While the Power8 processor has been available from IBM since April 2014, the chips were only rolled out in Big Blue’s biggest iron in October of that year and the company only ramped up its largest Power8 machines, the Power Systems E880, to their fully extended NUMA configurations last May. Now, IBM is rolling out new processing options for its biggest Power Systems iron, and at the same time it is doubling up the maximum memory on the top-end machines.
The changes are designed to give IBM’s largest server customers some different price/performance options on its Power E880 systems and to help the company chase more opportunities with its smaller Power E870 as well as the Power E880s running SAP HANA and Oracle 12c in-memory databases as well as its own DB2 BLU in-memory extensions on both AIX and Linux versions of the systems.
The Power E870 and E880 machines occupy the same upper echelon niche of the NUMA systems market that various machines based on Intel’s “Haswell” Xeon E7 v3 processors – including the “DragonHawk” Superdome X from Hewlett-Packard Enterprise and the UV 300 from SGI – as well as the Sparc M6 and M7 series from Oracle and the Sparc64 machines from Fujitsu. These are all NUMA machines that offer more scalability than is possible with standard two-socket and four-socket Xeon E5 and Xeon E7 machines based on Intel chipsets, which utterly dominate the datacenters of the world but which are not necessarily the base way to scale up performance – particularly among enterprise customers who do not control their own system software stacks, but rather buy such software.
We detailed the high-end Power E870 and E880 machines, which are the largest Power-based systems that IBM sells and which arguably far exceed the raw performance of its System z mainframes, back in May last year, when the Power E880 machine had its NUMA clustering extended to four nodes and a twelve-core Power8 chip running at just a hair over 4 GHz. IBM had previously launched a Power8 chip with eight cores running at 4.35 GHz for the Power E880 machines, with the initial scalability capped at two nodes when they shipped at the end of 2014, with the three-node and four-node options available in June 2015. We also revealed the feeds and speeds and market opportunity for IBM’s four-socket Power E850 servers, which are aimed squarely at stock four-socket Xeon E7 machines based on Intel chipsets. Here is how the various scale-up Power Systems machines stacked up before the new processor was added to the Power E880:
These high-end Power Systems are designed to span the wide range of performance that IBM offers from its two-socket Power 750 midrange machines, which supported both Power7 and Power7+ processors, all the way up to its 32-socket Power 795 machine, which was getting a little long in the tooth only supporting the Power7 chips, which debuted in February 2010. (The Power7+ chips came out in October 2012 and are socket compatible with the Power7 chips.)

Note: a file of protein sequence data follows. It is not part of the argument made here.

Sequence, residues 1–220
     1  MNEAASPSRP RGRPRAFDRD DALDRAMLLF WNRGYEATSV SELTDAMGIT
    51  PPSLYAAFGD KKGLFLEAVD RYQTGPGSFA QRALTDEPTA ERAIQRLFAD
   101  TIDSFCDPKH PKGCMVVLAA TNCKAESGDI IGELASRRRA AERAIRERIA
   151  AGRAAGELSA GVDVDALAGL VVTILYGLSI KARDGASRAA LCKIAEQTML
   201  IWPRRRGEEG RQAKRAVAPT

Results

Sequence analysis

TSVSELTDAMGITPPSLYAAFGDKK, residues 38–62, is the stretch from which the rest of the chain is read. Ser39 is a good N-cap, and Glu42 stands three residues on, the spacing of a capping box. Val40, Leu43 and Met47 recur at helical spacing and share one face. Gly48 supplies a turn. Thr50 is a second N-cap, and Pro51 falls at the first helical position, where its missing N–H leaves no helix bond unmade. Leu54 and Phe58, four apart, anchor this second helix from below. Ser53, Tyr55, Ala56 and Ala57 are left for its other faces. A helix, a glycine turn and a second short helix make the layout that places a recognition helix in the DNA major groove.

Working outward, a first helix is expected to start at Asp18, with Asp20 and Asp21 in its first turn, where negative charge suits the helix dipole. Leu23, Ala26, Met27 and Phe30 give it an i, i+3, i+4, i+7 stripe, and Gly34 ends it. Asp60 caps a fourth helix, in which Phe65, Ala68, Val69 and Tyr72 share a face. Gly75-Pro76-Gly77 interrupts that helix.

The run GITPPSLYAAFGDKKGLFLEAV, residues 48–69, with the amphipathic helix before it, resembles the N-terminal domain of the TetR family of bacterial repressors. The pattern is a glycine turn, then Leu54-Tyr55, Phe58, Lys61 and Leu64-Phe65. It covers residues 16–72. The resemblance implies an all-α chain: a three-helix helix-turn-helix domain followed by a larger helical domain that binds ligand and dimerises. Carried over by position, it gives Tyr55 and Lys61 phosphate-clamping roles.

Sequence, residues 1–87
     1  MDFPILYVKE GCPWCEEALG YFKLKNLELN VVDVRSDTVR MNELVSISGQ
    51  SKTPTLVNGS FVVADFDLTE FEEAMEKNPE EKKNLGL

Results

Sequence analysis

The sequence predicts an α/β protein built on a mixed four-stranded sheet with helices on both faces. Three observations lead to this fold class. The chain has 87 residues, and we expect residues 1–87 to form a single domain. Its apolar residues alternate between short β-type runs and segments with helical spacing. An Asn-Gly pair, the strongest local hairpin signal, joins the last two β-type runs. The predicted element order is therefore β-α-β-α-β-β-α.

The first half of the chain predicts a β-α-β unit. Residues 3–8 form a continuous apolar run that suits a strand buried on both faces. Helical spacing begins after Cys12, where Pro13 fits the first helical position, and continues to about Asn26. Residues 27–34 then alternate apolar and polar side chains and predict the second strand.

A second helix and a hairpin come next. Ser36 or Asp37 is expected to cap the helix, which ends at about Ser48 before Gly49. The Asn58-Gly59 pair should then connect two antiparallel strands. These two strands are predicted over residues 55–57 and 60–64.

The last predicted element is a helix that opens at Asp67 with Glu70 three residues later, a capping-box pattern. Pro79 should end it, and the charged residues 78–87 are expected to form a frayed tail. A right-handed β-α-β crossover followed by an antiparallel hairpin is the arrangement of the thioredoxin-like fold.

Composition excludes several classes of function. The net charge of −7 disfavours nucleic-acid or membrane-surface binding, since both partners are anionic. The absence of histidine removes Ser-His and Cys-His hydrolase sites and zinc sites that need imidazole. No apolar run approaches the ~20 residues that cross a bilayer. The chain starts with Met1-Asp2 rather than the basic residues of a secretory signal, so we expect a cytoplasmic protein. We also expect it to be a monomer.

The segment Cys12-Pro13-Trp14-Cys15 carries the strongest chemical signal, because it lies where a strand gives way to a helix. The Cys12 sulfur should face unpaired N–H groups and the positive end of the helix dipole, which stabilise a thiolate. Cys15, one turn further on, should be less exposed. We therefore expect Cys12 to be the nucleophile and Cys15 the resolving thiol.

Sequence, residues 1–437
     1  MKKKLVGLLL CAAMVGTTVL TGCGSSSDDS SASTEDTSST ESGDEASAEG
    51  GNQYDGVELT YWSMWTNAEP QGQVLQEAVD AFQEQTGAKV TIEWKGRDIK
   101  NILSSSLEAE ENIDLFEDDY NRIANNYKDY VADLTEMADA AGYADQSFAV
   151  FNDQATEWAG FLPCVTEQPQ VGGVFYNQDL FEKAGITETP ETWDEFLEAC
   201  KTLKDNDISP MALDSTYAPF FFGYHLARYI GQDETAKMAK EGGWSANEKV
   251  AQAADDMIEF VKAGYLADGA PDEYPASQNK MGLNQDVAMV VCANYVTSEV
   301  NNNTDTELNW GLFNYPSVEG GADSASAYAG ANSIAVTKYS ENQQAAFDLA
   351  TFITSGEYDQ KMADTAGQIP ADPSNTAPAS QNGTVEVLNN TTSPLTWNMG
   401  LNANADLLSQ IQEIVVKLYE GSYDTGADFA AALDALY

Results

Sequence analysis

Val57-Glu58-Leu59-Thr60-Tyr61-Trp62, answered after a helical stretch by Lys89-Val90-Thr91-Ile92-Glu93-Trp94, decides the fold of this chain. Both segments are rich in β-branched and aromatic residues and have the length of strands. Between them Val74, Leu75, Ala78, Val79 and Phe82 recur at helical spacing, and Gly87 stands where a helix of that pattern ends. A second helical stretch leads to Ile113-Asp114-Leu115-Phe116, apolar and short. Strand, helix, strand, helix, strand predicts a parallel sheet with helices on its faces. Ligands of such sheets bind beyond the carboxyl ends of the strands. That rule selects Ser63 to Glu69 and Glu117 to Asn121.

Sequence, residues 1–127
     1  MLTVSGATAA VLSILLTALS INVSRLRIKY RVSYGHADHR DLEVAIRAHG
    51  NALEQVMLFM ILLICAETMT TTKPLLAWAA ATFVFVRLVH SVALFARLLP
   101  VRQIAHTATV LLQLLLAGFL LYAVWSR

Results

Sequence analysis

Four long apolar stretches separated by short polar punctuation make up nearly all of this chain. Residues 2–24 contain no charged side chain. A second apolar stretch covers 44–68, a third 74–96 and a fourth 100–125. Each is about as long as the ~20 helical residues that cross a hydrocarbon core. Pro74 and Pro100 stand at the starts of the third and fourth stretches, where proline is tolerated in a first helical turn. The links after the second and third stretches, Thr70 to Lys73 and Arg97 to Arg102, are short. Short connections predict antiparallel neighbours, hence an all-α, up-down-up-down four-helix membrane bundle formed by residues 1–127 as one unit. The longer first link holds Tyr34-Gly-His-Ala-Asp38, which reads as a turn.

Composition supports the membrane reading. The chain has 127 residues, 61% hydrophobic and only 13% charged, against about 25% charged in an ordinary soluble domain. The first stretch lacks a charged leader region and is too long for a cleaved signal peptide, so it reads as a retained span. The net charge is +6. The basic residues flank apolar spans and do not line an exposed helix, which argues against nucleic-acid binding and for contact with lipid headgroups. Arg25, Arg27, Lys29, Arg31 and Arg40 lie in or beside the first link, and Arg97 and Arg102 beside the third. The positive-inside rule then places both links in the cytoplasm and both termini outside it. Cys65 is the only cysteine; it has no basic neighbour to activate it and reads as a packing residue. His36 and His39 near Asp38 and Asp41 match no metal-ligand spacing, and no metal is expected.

All of the Power8 scale-up machines from IBM have the same basic node construction, with four of the twelve-core Power8 single chip modules (SCMs) providing the compute. Each of these sockets has NUMA clustering on the die, and IBM can link up to sixteen sockets together gluelessly – four of them linked on the local node through the backplane and the nodes get cross-coupled with fiber optic ports. IBM has its own buffered memory modules, based on its own “Centaur” memory buffer chip and employing DDR3 memory technology with the Power8 machines. (IBM could upgrade the main memory to DDR4 chips with the Power8+ processors coming out later this year, but we would guess that IBM will save that transition for the Power9 chip in its midrange and high-end servers.)
The Power8 E-Class server node also has eight PCI-Express 3.0 x16 peripheral slots, a number of which can be configured with its Coherent Accelerator Processor Interface (CAPI) for speeding up accesses between the Power8 processor complex and external flash or compute peripherals. All of this iron gets crammed into a 5U chassis, including power supplies and cooling fans.
In general, IBM offers a much skinnier processor lineup for its Power Systems customers than Intel offers with its Xeon E5s and Xeon E7s – usually just a handful of options with different core counts, clock speeds, and cache sizes. The Power8 chips with the most cores activated have lower clock speeds and are designed for overall system throughput, while the ones with the highest clock speeds are designed for higher single-threaded performance and to minimize software license costs for customers whose software suppliers use core-based pricing.
“What we were seeing from clients is an interest in a balanced performance and capacity point at a reasonable price,” Steve Sibley, director of worldwide product management for IBM’s Power Systems line, explains to The Next Platform. “If you think about the levels we now have with the Power E880, we have a very high performance 4.35 GHz chip to lower software costs with great throughput on the system, or if they were sitting on a Power 780 or Power 795 with fewer than 128 cores, it is just a great platform for them. The twelve-core Power8 running at 4 GHz goes all the way up to 192 cores, and is really there for the companies that are pushing the envelope in terms of scale. We have a certain number of clients who need everything we can give them. This new ten-core Power8 running at 4.19 GHz scales to 160 cores in a Power E880, gives an in-between point that is still more than our biggest Power 795 – about 14 percent more – but is at a little lower cost than the 192-core system.” That 192-core Power E880 offers about 50 percent more oomph than the top-end Power 795, previously the most capacious shared memory system offered by Big Blue.